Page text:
Ironically, one cannot enforce the anti-discrimination laws without discriminating. How can one determine whether discrimination is occurring without classifying the affected people and comparing the proportions in each class of those receiving favored treatment with those receiving disfavored treatment?
Equality is not a value. Enforced equality is incompatible with: justice, freedom, prosperity, and even life itself. Equality is just a poor substitute for the principle that every action should serve a purpose.
Civil Rights Act of 1964
Titles II and VII of the Civil Rights Act of 1964 prohibit private entities from engaging in discrimination in public accommodations and employment respectively. These parts of the act should be repealed. Although such discrimination is usually invidious, a person has the right to choose not to associate with another person even if his choice is irrational and unethical. Also Title VII has been used to blackmail businesses who have unbalanced work forces through no fault of their own.
- When USG's debt is at or near the debt ceiling, war-related military spending, spending for programs which pay for themselves by earning revenue, and debt service should continue without delay and in full. All other authorized and appropriated spending should be delayed (in sequence) until sufficient additional revenue (beyond that needed for the above priorities) is available to fund it without borrowing beyond the debt ceiling. Congressmen should oppose any deal to increase the debt ceiling unless it includes language to implement these priorities and does not raise taxes.
- The United States should adopt unilateral free trade, that is, remove all its own restrictions on trade (tariffs, quotas, and other regulations on what can be imported) regardless of what other countries do. "Fair trade" is just a euphemism for protectionism. Restrictions on trade primarily hurt the people of the country imposing the restriction. Retaliatory tariffs merely punish importers and indirectly consumers in this country for misbehavior of officials in another country. How does that help?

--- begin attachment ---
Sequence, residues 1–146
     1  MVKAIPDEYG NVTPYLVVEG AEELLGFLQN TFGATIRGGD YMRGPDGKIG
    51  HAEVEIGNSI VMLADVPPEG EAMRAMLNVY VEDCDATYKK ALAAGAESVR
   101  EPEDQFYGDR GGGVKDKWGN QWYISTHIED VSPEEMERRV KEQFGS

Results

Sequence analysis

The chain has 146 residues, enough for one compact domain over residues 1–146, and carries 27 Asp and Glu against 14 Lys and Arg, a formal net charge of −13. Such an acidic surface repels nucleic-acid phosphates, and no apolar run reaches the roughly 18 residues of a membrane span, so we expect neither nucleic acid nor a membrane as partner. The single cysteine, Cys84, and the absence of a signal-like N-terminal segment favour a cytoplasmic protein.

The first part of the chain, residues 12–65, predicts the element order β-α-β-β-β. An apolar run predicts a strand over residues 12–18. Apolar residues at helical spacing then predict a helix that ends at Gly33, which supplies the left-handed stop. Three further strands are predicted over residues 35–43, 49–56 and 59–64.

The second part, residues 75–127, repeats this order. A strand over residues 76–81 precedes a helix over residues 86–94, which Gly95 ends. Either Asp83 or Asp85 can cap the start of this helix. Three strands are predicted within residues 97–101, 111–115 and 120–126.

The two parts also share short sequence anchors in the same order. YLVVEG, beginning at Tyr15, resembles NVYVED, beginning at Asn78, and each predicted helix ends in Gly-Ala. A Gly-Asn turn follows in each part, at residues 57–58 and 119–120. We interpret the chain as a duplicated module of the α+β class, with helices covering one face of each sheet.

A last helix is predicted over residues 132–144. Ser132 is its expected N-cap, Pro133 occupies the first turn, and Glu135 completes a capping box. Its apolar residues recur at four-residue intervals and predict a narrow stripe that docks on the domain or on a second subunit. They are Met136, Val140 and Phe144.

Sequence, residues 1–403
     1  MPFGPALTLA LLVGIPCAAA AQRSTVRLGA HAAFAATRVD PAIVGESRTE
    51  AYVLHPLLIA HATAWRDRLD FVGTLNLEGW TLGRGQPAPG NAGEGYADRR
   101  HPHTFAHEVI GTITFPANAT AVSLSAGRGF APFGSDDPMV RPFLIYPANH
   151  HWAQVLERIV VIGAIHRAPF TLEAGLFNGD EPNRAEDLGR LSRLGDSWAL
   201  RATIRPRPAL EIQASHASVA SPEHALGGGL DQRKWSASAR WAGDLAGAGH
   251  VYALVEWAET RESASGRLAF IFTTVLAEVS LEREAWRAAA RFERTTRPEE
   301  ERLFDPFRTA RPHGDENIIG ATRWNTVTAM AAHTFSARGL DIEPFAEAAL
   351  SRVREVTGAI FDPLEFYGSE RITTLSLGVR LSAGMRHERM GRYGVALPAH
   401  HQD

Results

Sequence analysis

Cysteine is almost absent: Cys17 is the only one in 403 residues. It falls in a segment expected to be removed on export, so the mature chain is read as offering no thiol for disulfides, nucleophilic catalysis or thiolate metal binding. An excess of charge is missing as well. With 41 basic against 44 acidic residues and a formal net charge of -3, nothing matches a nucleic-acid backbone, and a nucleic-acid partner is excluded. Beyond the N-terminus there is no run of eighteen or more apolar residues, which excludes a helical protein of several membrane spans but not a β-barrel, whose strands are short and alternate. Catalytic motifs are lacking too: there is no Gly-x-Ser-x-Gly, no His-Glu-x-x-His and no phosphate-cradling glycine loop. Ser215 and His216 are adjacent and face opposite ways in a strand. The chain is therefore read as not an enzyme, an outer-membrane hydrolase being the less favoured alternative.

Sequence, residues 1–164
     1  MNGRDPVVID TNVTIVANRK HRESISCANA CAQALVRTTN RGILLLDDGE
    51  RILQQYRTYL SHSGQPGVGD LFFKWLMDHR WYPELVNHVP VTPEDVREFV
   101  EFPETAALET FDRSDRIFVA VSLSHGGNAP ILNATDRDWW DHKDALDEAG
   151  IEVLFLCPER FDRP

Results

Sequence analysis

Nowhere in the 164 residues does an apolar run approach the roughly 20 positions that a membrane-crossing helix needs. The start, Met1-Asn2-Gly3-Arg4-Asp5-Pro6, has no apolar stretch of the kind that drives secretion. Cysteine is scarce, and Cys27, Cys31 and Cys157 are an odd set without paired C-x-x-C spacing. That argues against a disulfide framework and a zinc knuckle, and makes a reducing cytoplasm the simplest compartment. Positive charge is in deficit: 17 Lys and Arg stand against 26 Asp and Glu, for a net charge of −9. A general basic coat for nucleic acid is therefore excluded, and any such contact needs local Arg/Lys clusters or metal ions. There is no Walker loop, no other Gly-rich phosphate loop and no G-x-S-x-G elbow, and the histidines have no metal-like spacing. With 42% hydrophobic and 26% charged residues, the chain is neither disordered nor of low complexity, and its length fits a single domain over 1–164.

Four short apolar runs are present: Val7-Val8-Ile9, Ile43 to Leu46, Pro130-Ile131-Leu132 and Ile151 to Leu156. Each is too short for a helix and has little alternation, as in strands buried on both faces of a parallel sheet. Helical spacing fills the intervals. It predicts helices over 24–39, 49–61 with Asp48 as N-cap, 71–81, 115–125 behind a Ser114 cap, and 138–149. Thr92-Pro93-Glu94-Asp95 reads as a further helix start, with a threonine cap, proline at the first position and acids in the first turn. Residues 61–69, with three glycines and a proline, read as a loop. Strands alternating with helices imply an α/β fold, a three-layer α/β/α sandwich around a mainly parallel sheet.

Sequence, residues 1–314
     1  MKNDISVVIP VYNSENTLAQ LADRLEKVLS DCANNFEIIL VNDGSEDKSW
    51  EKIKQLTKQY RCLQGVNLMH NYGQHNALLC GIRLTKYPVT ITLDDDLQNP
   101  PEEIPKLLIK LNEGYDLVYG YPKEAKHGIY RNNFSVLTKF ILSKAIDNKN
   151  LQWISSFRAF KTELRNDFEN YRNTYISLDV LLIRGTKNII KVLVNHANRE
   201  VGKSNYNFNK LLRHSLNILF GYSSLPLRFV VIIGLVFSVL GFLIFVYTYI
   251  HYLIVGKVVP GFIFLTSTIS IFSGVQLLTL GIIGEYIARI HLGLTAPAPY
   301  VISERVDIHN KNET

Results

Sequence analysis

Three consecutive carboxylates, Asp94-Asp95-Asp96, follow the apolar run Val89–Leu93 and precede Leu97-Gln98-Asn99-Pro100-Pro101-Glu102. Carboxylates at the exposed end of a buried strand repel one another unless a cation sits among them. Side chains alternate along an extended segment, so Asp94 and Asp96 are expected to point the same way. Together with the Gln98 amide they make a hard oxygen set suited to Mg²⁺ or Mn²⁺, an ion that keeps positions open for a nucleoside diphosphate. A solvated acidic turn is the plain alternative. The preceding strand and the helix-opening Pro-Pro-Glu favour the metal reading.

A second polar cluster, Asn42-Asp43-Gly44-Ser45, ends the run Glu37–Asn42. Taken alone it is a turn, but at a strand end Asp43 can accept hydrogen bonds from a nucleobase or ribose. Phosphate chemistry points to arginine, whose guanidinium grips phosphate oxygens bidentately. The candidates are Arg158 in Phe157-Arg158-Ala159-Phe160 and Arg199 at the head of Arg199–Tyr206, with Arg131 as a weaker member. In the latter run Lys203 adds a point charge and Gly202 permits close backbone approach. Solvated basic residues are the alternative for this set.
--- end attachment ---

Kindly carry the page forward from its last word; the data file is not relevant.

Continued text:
- The same applies to exports and investments (in both directions). However, restrictions on sales and transfers of munitions to our enemies are OK.
- The precautionary principle is a recipe for insanity. It is giving in to mindless fear. Precautions should be based on actual evidence of the harmful effect of certain activities, not merely the absence of evidence.
- Focusing on the national government's budget deficits is a mistake, because the deficit is merely the difference between spending and taxes, both of which are bad. Both spending and taxes should be reduced. Instead of a balanced budget amendment, the United States should adopt a cap on spending.
- "Reform" is an ambiguous word, so do not use it.
- The controlled substances act should be repealed so that people can buy any medicine (or addictive substance) without a prescription. Poisoning people without their knowledge and consent should still be illegal.
- Any possible benefit from reducing global warming is far outweighed by the economic cost of the policies which would be necessary to achieve it. Government should not intervene in the production, distribution or use of energy whether from fossil fuels or otherwise. In particular, I oppose: "cap and trade", mileage requirements on automobiles, the ethanol mandate for gasoline, and limitations on off-shore oil drilling.
- Limiting voluntary emissions of carbon into the atmosphere would not be effective, because wild fires will eventually allow any carbon stored in the biosphere to enter the atmosphere. Only restrictions on extraction of materials containing carbon (such as coal, petroleum, natural gas, peat, and limestone) from below what was the natural surface of the ground would be effective, for example, a tax on the amount of carbon extracted plus a tariff on importation of carbon from countries lacking such taxes.
- Businesses should not be required to bargain with unions. Repeal the National Labor Relations Act. It is the responsibility of individual workers to avoid working under what they consider unfair conditions.
- Laws restricting immigration should be repealed. Everyone has the right to live anywhere he pleases, so long as he respects the private property of other people. However, neither immigrants nor others should receive any subsidies from the government.